In recent months, crane supply companies in Australia have been reporting the number of outgoing cranes to be slowing in and around Melbourne. While many construction projects are still underway, and there are many cranes out on order, there is more being returned than is going out as of June 2019.
Melbourne has enjoyed a rapid rise in construction of residential, commercial and mixed residence / commercial tower developments over the last 10 years, with 2017 and 2018 one of the strongest on record in terms of new developments undertaken.
A new trend in Melbourne developments is the pairing of large Melbourne construction firms with foreign companies, primarily from Malaysia, which has seen the pace of development rise sharply. These types of projects are also beneficial to boost local investment in the sector.
There is currently no official statistics about the current slowdown, or whether it is only a temporary issue which will resolve now the new financial year in Australia has come and gone.
Employees in the sector though have no need to worry for the time being, with existing projects still going strong, currently there is a large range of tower construction projects being developed in both the inner and central city locations and further out locations such as Coburg, Oakleigh, Box Hill and Moorabbin to name a few, it’s easy to spot existing developments as most Melbourne firms erect illuminated tower crane signage, making each development region and the company developing simple to spot.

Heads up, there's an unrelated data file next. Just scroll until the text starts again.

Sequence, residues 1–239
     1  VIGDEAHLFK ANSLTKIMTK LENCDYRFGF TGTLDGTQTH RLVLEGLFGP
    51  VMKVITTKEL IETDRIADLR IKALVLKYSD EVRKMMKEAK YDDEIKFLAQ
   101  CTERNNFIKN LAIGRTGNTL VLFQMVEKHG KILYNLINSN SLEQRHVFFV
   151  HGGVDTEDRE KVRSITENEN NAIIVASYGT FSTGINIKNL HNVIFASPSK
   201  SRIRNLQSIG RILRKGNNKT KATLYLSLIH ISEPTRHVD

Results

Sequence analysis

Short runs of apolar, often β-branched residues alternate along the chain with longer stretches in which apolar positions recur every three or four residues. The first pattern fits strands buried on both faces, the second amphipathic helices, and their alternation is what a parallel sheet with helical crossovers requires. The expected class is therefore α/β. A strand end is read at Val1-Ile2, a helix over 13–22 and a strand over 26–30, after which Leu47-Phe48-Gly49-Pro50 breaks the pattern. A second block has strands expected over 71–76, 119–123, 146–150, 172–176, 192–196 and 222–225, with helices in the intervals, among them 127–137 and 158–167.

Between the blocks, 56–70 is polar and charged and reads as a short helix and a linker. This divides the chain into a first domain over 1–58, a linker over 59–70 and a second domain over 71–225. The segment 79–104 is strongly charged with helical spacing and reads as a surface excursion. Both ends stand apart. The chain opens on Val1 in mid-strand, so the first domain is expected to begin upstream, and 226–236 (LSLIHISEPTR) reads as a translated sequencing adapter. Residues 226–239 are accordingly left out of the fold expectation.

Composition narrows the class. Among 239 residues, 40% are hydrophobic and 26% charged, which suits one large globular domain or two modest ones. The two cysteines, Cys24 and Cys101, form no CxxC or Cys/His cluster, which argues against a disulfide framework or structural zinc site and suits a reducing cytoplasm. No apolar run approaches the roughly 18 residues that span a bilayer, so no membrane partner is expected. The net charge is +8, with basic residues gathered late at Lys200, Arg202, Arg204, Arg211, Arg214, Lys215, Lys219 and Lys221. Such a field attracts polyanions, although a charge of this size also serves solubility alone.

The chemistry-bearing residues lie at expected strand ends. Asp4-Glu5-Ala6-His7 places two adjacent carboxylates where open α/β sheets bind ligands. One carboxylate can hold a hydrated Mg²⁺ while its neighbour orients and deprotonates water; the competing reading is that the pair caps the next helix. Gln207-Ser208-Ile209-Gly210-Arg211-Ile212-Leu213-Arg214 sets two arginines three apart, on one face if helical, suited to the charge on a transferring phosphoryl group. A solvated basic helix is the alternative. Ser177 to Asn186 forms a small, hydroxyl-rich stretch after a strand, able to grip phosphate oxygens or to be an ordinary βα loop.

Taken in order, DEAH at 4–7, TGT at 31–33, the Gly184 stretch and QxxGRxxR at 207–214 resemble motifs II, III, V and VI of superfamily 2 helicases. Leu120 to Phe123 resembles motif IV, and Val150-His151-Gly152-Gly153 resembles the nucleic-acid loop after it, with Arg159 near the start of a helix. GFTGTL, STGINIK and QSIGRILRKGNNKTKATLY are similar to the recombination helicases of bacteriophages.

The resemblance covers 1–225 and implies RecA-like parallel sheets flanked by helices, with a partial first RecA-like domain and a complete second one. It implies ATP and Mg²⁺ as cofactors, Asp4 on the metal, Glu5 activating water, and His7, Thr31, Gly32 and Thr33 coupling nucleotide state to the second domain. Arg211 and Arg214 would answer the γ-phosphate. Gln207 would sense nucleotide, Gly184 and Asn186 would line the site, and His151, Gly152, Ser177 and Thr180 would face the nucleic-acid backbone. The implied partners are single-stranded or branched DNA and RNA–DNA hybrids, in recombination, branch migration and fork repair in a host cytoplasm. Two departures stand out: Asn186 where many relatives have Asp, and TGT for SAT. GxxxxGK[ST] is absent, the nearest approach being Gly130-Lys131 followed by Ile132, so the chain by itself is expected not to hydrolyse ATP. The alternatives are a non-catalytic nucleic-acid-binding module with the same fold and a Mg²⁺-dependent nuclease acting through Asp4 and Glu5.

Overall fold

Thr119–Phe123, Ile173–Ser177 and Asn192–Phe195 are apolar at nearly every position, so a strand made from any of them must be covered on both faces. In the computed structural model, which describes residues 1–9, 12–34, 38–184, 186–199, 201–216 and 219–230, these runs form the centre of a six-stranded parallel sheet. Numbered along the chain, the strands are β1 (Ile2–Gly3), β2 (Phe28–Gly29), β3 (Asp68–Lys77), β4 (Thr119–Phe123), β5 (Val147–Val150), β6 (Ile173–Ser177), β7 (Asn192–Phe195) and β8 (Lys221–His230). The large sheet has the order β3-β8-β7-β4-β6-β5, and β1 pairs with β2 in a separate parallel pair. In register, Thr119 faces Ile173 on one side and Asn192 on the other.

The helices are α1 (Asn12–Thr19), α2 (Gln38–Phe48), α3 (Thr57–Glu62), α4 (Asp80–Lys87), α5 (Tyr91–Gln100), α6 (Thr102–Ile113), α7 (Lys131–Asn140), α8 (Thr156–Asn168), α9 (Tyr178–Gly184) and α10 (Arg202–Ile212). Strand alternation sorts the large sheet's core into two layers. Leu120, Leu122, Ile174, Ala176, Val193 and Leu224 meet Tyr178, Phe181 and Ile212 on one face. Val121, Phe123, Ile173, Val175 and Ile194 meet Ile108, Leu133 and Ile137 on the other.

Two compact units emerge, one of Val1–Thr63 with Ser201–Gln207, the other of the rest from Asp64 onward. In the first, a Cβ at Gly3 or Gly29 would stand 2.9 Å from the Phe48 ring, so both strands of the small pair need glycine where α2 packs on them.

In historical terms, Melbourne has been a very slow adaptor to the realities that tower construction is the only way forward. Melbourne is a city that has always placed emphasis on growing outward in single or double story projects, and was planned this way by placing satellite cities early on such as Geelong and Dandenong. Currently as of 2019, these cities are almost integrated into Melbourne due to the growth and land releases pushing the cities land pretty much to capacity.
Prior to 2002, many residential tower developments were undertaken primarily for social housing or central city residences and commerce. In the last 10 years, there has been significant shift towards tower construction as the new normal for new residential and commercial developments.
Countries in South East Asia have been building towers for commercial and residential use since the early 1950’s and have continued this trend ever since, with Melbourne being a very large city, and low to medium cost housing and commercial leases being next to non-existent, it’s hard to understand why it took so long for the old trend of outward expansion to end.
Currently however the pace of development for new apartments and commercial properties is not occurring at a speed fast enough to lower the prices of these properties, and as such most remain in the middle to upper class realms for ownership and leasing / rentals.